Drought-depleted Mark West Creek water levels rise after 4.4 quake rattles Santa Rosa

SANTA ROSA — John Macaulay and his wife, Suzanne Dickinson, noticed something odd after a 4.4 quake rattled the Rodgers Creek fault system near their Santa Rosa neighborhood last week.

The rumble at first shook their nerves.

“It was unsettling. And it was really close,” John Macaulay told KPIX. “You could tell…It got our attention…I didn’t even have time to think of the ramifications. It was like, oh my God, this is going to be bad.”

Fortunately, the quake only caused some minor damage around the city and there were no injuries.

But soon after the quake, they noticed something odd. The nearby Mark West Creek, visible out a second story window of their home, had gone from a mere trickle to being filled with water.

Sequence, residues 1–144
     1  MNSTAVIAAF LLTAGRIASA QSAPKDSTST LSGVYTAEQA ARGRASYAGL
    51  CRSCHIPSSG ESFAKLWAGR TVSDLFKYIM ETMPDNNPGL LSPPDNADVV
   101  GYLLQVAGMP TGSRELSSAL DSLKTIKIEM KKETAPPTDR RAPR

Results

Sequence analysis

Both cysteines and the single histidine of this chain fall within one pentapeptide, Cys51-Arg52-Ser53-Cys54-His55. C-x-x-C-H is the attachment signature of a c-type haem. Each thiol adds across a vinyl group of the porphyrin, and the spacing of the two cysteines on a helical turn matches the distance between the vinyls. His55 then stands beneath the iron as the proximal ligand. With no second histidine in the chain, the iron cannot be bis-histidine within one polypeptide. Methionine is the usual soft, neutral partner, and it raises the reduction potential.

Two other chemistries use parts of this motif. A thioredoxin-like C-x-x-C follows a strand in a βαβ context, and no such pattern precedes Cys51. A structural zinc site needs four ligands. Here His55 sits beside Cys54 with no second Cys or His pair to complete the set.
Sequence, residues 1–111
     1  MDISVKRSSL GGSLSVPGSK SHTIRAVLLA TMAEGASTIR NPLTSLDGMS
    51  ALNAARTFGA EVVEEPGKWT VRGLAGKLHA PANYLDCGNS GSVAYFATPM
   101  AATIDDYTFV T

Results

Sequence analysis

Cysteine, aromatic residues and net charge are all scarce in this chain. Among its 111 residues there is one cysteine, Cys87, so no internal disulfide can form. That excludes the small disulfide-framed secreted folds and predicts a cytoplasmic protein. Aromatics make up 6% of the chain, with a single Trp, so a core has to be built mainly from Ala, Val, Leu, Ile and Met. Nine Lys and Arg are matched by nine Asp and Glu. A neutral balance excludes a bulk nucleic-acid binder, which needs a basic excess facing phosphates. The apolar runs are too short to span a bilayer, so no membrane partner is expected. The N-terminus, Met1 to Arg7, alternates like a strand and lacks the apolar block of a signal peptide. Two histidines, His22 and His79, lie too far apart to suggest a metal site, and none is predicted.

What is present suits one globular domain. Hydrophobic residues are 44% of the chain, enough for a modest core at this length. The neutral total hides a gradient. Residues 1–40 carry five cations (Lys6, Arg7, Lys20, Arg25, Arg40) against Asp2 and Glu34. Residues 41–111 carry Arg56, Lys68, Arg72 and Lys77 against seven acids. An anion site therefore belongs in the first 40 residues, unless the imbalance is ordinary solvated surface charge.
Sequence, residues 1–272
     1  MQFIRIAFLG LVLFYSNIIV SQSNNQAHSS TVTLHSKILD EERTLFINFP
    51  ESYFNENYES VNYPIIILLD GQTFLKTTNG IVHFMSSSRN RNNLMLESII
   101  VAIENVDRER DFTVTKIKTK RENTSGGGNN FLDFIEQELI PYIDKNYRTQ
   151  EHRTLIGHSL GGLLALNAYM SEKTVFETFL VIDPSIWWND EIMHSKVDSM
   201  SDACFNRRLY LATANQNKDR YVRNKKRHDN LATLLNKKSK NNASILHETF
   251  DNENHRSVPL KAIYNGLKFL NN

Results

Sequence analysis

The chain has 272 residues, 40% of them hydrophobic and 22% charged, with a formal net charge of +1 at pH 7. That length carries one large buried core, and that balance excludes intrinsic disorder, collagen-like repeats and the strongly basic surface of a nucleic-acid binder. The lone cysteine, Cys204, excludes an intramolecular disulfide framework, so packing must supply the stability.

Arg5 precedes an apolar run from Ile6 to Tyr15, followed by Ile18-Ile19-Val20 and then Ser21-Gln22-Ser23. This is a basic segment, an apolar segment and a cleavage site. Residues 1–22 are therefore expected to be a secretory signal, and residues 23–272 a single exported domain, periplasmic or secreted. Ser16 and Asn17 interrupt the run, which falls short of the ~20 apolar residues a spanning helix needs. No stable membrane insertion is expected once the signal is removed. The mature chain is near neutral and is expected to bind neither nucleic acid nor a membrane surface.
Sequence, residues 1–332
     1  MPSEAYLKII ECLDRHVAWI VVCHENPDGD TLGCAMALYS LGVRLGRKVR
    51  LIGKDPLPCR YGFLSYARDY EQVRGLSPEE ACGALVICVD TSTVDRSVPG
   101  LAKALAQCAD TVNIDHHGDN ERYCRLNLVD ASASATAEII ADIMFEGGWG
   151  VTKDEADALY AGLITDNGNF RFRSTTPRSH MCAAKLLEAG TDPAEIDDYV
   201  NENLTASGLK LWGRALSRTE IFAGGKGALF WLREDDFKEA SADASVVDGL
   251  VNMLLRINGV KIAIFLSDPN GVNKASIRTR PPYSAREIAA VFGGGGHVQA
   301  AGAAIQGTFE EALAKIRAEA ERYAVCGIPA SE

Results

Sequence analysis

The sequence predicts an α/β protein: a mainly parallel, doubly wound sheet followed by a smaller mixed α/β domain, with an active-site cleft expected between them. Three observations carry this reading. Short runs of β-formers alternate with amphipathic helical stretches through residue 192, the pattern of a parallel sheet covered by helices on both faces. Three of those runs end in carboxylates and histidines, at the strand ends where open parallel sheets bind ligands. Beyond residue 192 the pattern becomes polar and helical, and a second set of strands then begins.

Macaulay walked down to the creek and couldn’t believe what he was seeing.

“This is where I came a couple of hours after the quake to see how much it had risen,” he told KPIX as he stood on the bank of the creek. “It had significantly risen…The creek before the earthquake looked like a pond. It was stagnant. It was in stasis.”

Macaulay called the Sonoma Water Department, who sent crews to investigate.

“We’re thinking that maybe an aquafer or ground water aquafer was cracked open which then would have released water into the creek,” said Andrea Rodriguez, the water department PIO.

“This isn’t going to be a big difference in our water supply,” she continued. “But you know what, it makes a big difference to all the animals and the habitat along the creek.”

Add a Comment

Your email address will not be published.